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TEL AVIV – The United States and Saudi Arabia are holding discussions about the possibility of targeting the regime of Syrian President Basher al-Assad, according to a top source in Assad’s regime.

The source said the information was intercepted by Russia.

The discussion about targeting Assad was at the heart of the visit to Russia last week by Syrian Foreign Minister Walid al-Moualem, the source said. Moualem met with Russian President Vladimir Putin and Russian Foreign Minister Sergei Lavrov at Russia’s Black Sea resort of Sochi.

Kremlin spokesman Dmitry Peskov told reporters the leaders were discussing “bilateral relations,” but he declined to further comment on the matter of Moualem’s visit.

The Assad-regime source said Moualem’s meetings in Russia centered on “urgent” information intercepted by Moscow that the Saudis were discussing with the U.S. and other Western allies the possibility of striking Assad’s forces during a planned counter-attack against ISIS positions in Syria.

The source told WND that Putin and Lavrov assured Moualem that Russia “won’t stand for” any Western attack on Assad and that the Russians pledged “support” and “protection” to the Assad regime.

WND reported last week that, according to informed Middle Eastern security officials, Turkey and Saudi Arabia sought to base their cooperation in the fight against ISIS on a U.S. agreement to also target Assad’s forces.

The sources said the U.S. did not agree to expand the battle beyond ISIS to target the Syrian regime.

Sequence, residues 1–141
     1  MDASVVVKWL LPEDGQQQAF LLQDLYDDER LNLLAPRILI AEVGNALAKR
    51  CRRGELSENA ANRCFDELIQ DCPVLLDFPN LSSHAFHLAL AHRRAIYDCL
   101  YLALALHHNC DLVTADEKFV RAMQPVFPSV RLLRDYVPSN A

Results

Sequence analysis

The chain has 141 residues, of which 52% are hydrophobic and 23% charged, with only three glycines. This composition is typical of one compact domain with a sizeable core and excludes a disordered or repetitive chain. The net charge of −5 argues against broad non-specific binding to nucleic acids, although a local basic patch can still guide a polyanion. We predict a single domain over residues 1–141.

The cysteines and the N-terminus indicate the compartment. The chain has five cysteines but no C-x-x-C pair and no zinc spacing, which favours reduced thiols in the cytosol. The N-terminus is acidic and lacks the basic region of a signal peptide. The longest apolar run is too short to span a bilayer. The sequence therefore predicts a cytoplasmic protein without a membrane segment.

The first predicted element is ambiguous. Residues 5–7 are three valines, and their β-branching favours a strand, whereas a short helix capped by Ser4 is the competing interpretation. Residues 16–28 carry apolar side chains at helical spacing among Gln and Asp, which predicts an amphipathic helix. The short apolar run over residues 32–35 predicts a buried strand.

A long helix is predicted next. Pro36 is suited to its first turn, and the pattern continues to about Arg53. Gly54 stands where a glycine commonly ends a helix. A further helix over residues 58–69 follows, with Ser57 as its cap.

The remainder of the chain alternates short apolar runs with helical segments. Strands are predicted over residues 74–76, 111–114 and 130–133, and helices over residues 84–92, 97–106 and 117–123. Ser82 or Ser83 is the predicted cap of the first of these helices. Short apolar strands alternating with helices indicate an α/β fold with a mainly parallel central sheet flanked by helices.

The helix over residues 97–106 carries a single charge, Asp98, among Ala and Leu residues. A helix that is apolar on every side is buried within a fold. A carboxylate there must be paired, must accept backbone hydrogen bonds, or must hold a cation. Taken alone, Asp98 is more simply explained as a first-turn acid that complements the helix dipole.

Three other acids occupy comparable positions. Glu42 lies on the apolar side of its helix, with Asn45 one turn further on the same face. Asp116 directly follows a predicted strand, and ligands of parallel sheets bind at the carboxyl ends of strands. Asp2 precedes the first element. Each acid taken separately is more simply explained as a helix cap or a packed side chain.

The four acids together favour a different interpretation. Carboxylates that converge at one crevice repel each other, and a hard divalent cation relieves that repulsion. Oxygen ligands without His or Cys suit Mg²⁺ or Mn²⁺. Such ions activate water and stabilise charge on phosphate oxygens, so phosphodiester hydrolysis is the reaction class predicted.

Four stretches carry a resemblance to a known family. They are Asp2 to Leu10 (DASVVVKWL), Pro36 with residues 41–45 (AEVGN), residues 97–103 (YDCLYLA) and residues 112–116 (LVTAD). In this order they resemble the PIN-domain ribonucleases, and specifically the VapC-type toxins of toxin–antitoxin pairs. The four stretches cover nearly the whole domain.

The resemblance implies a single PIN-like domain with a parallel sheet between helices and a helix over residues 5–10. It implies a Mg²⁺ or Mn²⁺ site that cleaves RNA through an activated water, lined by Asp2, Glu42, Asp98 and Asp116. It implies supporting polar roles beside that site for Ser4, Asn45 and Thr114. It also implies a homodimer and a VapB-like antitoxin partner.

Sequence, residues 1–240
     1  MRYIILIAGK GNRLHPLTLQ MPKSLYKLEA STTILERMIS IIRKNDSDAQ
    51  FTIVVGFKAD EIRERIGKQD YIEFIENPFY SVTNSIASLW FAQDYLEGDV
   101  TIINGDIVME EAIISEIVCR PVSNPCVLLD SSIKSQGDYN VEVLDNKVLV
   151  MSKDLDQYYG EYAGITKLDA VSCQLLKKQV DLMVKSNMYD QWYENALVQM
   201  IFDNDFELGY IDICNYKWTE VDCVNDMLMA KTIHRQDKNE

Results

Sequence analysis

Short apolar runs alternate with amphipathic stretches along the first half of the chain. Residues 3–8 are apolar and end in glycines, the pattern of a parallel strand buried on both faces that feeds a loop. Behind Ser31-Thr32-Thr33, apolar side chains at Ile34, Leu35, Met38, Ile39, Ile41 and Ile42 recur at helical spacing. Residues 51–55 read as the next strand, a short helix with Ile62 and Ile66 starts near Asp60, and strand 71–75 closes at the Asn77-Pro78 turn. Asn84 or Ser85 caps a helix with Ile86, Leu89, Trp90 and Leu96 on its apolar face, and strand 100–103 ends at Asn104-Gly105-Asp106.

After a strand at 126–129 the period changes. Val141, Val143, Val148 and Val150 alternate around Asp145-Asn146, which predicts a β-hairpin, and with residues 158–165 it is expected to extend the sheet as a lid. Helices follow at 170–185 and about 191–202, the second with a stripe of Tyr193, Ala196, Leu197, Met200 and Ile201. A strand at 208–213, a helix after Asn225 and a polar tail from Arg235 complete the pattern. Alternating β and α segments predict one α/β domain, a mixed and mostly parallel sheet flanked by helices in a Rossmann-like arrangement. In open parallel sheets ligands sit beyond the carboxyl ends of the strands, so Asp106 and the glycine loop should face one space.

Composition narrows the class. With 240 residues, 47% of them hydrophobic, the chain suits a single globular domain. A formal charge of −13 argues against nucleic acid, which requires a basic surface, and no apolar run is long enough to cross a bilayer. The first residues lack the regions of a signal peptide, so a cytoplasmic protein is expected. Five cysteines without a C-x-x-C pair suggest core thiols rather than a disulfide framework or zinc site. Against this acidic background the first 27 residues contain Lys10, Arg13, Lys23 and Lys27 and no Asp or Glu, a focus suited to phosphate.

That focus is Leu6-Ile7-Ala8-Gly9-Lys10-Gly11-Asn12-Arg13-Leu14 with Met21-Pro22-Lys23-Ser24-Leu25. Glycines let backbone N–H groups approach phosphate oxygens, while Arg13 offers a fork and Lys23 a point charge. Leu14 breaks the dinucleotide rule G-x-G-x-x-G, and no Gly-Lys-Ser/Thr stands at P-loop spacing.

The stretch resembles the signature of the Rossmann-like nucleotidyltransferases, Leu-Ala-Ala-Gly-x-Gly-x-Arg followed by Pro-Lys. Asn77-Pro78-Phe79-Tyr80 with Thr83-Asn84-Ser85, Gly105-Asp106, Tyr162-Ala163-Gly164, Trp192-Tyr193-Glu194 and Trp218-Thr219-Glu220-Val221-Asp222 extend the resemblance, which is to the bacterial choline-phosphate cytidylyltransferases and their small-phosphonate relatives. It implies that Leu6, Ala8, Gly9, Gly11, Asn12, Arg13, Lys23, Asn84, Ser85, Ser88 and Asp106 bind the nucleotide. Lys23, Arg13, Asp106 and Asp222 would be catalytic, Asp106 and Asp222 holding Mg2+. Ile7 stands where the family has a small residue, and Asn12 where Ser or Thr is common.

The Obama administration seems unlikely to acquiesce to any requests to target Assad’s forces as part of the fight against ISIS.

According to reports, Chuck Hagel’s departure as defense secretary may have come amid disagreements over whether to target Assad. Hagel reportedly raised concerns that the U.S. strategy against ISIS did not fully address the issue of the Syrian regime.

Last month, Hagel refused to confirm reports he had sent a letter to National Security Adviser Susan Rice documenting his concerns about the lack of a strategy on Assad. He did tell Pentagon reporters at a briefing that Assad “derives some benefits” from the U.S.-led coalition’s exclusive focus on ISIS.

Earlier this month, Hagel told the House Armed Services Committee there is “no change and there is no different direction” regarding the decision not to target Assad’s regime.

Meanwhile, the Middle Eastern defense officials described a planned “big counter attack” against ISIS by the end of this year or the beginning of 2015. The officials said the strategy includes more likely coalition air strikes against ISIS plus an increased number of deployed U.S. and Western advisers to train the Iraqi Army and Kurdish fighters.

The officials described numerous U.S. and Western requests to Turkey and Saudi Arabia to help train and direct thousands of rebels to fight ISIS.

The descriptions of a planned surge against ISIS mirrors reports President Obama has authorized additional troops to join the 1,400 already deployed in Iraq, with the number expected to grow to 3,100 as part of an advisory and training mission.

Further, the Obama administration has outlined a plan to train up to 5,000 Mideast rebels to fight ISIS.

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